OTTAWA — The ability to express oneself helps create a healthy democracy, the Supreme Court of Canada said Thursday in setting out rules for deciding when a lawsuit has merit or is intended simply to quell participation in matters of public interest.
The detailed guidance came as the high court ruled on two Ontario cases that involved speaking out on issues of public significance.
Strategic lawsuits against public participation — known as SLAPPs — are levied against people or organizations that take a position on an issue, with the aim of limiting their free speech.
In response to a spate of such cases, Ontario, British Columbia and Quebec have enacted laws to curb them. Both matters before the Supreme Court entailed the application of Ontario's Protection of Public Participation Act, which took effect five years ago.
The law places an initial burden on the defendant in a lawsuit to satisfy a judge that the proceeding arises from an expression relating to a matter of public interest, which should be interpreted "in a generous and expansive fashion," Justice Suzanne Cote wrote on behalf of the court.
The burden then shifts to the plaintiff, who must show there are grounds to believe the lawsuit has substantial merit and the defendant has no valid defence, she noted. The plaintiff must also demonstrate that the harm suffered, and the public interest in allowing the proceeding to continue, outweigh the public interest in safeguarding the expression.
This inquiry might look to values underlying freedom of expression, such as the search for truth and participation in political decision-making, Cote said. "The closer the expression is to any of these core values, the greater the public interest in protecting it."
In the first case, the court applied its framework for interpreting the law in unanimously deciding a developer's breach-of-contract action shouldn't proceed against a not-for-profit corporation that had opposed a planned subdivision in Sault Ste. Marie, Ont., on environmental grounds.
"Freedom of expression is a fundamental right and value," wrote Cote, adding "the ability to express oneself and engage in the interchange of ideas fosters a pluralistic and healthy democracy by generating fruitful public discourse and corresponding public participation in civil society."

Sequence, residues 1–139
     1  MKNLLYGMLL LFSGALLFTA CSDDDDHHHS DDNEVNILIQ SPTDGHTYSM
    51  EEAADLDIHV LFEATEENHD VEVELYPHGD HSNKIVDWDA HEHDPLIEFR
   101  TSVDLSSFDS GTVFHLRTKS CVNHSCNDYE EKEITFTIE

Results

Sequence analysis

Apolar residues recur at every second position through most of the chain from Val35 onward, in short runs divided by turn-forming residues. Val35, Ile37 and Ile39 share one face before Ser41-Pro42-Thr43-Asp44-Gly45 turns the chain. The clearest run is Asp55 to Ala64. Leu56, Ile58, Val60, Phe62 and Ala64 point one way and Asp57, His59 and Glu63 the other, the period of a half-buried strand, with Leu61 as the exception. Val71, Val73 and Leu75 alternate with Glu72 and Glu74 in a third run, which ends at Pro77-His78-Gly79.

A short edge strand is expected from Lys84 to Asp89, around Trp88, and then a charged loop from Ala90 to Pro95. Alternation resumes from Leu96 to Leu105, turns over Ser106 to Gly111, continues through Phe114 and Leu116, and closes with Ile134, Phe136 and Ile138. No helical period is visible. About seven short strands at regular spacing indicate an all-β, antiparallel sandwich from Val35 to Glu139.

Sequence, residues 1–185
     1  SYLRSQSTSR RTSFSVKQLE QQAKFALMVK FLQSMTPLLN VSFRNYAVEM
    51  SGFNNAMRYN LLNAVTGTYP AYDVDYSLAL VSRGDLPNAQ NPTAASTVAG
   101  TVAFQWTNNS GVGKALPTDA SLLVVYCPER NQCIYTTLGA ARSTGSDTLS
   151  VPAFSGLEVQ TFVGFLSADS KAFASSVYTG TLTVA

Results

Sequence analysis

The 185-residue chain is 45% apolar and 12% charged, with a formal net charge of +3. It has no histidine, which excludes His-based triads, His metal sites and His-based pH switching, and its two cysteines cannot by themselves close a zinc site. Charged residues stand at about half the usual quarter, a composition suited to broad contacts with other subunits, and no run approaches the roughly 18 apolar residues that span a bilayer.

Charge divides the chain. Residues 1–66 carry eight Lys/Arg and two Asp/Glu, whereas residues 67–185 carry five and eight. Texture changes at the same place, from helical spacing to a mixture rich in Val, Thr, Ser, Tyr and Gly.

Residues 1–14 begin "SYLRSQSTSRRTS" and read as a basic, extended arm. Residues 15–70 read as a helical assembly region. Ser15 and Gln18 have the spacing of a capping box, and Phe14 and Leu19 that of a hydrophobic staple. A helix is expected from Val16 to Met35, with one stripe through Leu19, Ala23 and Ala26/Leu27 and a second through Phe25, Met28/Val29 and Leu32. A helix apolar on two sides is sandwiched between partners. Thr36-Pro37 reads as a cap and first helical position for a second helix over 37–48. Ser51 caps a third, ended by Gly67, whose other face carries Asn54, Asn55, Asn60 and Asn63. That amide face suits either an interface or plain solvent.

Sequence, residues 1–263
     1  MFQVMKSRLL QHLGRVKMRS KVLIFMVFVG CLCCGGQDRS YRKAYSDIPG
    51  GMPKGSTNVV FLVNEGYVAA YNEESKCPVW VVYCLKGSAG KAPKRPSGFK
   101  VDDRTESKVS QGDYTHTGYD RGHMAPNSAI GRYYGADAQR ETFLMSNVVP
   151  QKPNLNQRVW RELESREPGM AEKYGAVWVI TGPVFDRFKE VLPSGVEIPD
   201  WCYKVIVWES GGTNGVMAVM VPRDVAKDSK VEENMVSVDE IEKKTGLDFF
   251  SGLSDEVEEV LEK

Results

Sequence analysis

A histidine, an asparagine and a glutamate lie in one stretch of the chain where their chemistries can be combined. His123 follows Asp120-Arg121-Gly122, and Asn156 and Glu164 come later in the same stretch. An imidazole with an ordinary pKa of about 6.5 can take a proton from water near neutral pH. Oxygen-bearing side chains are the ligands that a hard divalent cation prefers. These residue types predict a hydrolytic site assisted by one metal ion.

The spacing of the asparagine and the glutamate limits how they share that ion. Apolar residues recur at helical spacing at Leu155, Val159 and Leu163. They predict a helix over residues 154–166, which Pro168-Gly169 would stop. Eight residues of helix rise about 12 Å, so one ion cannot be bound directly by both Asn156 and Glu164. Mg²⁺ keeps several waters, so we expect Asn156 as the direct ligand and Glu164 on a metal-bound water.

In the second case, the high court ruled 5-4 that a medical doctor's libel case over email remarks by a lawyer could go ahead.
The dispute began when Dr. Howard Platnick was hired in 2014 to help assess a claim related to an auto accident on behalf of an insurer.
Following settlement, Maia Bent, lawyer for a client who claimed serious injury as a result of the accident, posted critical comments about Platnick on an automated email service for members of the Ontario Trial Lawyers Association.
Bent's email was leaked to the media, prompting Platnick to request an apology and retraction, and later to sue Bent and her law firm for libel.
Bent and her firm successfully moved for dismissal of his action on the basis that her communication concerned a matter of public interest, but the Ontario Court of Appeal overturned the decision.
In its ruling Thursday, the Supreme Court said Dr. Platnick "deserves to have his day in court" to potentially vindicate his reputation.
The British Columbia Civil Liberties Association applauded the court's rulings, saying they will help ensure people can address matters of public concern in their community without fear of retaliation.
"These decisions send a powerful message to large corporations and wealthy individuals that they can't bully citizens, activists and non-profit organizations into silence through abusive litigation," said the association's Grace Pastine.
She also urged provinces that do not have anti-SLAPP laws to "get on board."
This report by The Canadian Press was first published Sept. 10, 2020.
Jim Bronskill , The Canadian Press